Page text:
[Marxism] Some occupiers see gains in Sadr City, but people are standoffish at best

Fred Feldman ffeldman at bellatlantic.net
Fri Dec 17 10:03:33 MST 2004


The Fallujah battle is now being more clearly registered as a setback
for Washington, which it was politically from the first "rollover" week
on.  But the Shia-Sunni division (Split? I think that is premature and
partly US wishful thinking.) The Shia make up an estimated  75 percent
of the Arab population of Iraq.I leave aside the Kurdish population,
which has not regarded itself as Iraqi for many decades and is, in
consciousness and in fact, part of another nation. 
 
The following shows that the US is attempting to take advantage of the
Shia pullback from fighting to provde some visible or credible gains for
the people of Sadr City.  And it shows the people are skeptical at best
(from the US point of view) but not turning away any constructive
efforts.  The occupiers' sentiments that they would rather work on
construction projects than fight can be assumed to be wholly sincere,
from what we know.
 
I think its important to keep track of the US attempts to reach out to
the Sunnis, and not reject them out of hand on general ideological
grounds, because I believe this war cannot be won by the
national-independence forces without the deep involvement of the Shia
population.  The fighters in Fallujah and elsewhere have prevented the
US from gaining much from the current Shia lull, but the shifts that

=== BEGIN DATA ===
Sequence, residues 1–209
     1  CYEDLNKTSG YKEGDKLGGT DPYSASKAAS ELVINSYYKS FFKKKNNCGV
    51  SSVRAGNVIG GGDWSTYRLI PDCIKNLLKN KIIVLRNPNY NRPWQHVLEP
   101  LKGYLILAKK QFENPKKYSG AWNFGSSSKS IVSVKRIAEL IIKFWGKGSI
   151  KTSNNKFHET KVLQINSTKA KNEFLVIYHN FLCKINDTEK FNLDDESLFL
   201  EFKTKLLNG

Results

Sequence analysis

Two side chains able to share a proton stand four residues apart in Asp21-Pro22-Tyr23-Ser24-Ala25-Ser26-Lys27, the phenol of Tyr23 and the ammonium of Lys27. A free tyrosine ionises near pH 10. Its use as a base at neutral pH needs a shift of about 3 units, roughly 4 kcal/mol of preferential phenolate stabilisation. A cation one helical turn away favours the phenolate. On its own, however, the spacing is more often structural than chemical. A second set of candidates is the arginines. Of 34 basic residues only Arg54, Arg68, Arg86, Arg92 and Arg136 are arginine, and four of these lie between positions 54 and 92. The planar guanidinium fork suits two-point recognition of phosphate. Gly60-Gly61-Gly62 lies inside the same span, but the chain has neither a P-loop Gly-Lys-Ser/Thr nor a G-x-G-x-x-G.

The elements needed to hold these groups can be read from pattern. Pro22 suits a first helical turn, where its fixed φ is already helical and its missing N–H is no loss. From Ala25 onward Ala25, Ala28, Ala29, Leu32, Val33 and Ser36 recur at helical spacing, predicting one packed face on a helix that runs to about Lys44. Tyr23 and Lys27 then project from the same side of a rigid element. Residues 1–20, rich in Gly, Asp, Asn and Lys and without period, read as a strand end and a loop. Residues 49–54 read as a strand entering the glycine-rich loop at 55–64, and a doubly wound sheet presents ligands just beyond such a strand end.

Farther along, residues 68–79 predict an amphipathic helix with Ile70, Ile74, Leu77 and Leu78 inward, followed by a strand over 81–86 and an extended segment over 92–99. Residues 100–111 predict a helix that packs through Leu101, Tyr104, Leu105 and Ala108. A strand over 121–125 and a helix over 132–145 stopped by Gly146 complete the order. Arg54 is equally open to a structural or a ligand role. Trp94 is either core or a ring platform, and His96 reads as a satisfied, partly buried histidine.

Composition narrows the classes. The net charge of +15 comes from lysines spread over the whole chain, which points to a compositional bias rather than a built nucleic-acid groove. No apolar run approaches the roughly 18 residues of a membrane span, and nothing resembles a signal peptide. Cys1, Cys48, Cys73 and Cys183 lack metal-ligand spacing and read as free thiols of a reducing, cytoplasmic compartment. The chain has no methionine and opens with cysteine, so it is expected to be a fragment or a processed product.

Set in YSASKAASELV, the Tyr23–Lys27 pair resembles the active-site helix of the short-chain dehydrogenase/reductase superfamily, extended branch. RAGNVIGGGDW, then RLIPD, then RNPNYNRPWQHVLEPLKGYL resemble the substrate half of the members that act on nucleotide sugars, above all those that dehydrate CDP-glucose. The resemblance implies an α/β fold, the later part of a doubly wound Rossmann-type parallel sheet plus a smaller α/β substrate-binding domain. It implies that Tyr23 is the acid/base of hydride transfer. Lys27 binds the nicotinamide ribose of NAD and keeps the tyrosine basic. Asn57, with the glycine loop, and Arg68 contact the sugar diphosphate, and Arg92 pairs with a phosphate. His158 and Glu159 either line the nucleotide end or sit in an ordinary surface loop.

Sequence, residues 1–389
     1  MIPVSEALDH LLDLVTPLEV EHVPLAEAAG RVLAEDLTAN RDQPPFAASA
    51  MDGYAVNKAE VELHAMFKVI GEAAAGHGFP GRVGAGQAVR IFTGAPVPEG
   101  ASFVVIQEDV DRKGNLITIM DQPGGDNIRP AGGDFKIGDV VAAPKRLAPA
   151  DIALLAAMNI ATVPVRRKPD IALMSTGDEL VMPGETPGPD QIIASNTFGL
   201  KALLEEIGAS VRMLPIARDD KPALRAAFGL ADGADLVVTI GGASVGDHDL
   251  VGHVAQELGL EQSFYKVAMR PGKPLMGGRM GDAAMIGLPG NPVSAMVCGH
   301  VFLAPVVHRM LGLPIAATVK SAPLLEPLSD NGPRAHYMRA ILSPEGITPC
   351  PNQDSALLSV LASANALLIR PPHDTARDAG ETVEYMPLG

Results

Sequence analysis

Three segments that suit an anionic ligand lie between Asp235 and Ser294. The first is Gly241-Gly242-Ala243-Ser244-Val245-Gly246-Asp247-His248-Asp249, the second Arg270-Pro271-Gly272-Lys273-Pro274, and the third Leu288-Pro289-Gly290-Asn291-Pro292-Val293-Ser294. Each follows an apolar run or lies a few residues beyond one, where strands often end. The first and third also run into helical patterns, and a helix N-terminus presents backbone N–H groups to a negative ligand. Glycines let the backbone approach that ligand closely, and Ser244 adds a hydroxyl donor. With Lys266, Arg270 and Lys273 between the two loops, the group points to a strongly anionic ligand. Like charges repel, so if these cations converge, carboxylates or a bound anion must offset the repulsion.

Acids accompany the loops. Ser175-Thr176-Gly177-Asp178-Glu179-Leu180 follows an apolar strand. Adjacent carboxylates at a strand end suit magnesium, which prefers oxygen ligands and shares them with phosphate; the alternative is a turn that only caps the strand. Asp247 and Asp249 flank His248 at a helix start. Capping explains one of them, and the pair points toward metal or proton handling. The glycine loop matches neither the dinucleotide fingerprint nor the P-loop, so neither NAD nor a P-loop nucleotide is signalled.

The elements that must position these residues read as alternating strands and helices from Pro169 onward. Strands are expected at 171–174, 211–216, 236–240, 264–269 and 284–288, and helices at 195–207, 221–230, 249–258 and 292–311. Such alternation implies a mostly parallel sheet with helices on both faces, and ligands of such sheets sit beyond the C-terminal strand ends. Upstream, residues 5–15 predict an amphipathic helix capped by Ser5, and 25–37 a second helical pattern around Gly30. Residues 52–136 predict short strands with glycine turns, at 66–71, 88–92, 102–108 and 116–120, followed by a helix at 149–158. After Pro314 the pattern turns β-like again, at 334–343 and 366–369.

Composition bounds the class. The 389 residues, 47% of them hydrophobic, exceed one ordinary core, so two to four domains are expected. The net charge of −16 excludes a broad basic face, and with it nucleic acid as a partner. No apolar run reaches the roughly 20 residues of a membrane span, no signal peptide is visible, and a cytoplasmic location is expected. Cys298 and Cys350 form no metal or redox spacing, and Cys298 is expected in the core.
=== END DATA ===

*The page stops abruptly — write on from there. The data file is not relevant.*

take place in the post-election period will be decisive for the war.
 
Meanwhile the US will take maximum advantage of, as well as attempt to
encourage in ways we cannot know and cannot assume to know, any attacks
on the Shia that can be attributed to the resistance groups.
Fred Feldman
 
 
 
MSNBC NEWS 
washingtonpost.com 
 
Highlights In Sadr City, gratitude mixed with distrust As U.S. works on
rebuilding, suspicions linger Sadr City Karim Kadim By Anthony Shadid
Updated: 1:02 a.m. ET Dec. 17, 2004 
 
BAGHDAD, Dec. 16 - Lt. Col. Lawrence "Barrett" Holmes, a tall, lanky
commander, bundled out of his cream-colored, armor-plated Humvee in flak
jacket, helmet and protective eyewear, held his M-16 rifle at the ready
and barked what goes for a command these days in Baghdad's toughest
neighborhood, what he calls his "slice of the pie." 
 
advertisement "Salaam aleikum!" he belted out, Arabic for "Peace be upon
you," inflected with a South Carolina drawl. 
 
With those words at a sewage station, he got down to business,
overseeing $138 million that is being spent in Sadr City, a vast warren
of 2.5 million people that, twice this year, was the scene of some of
the most intense fighting the American military has faced in Iraq. A
cease-fire is now in place, and Holmes can talk like an engineer (his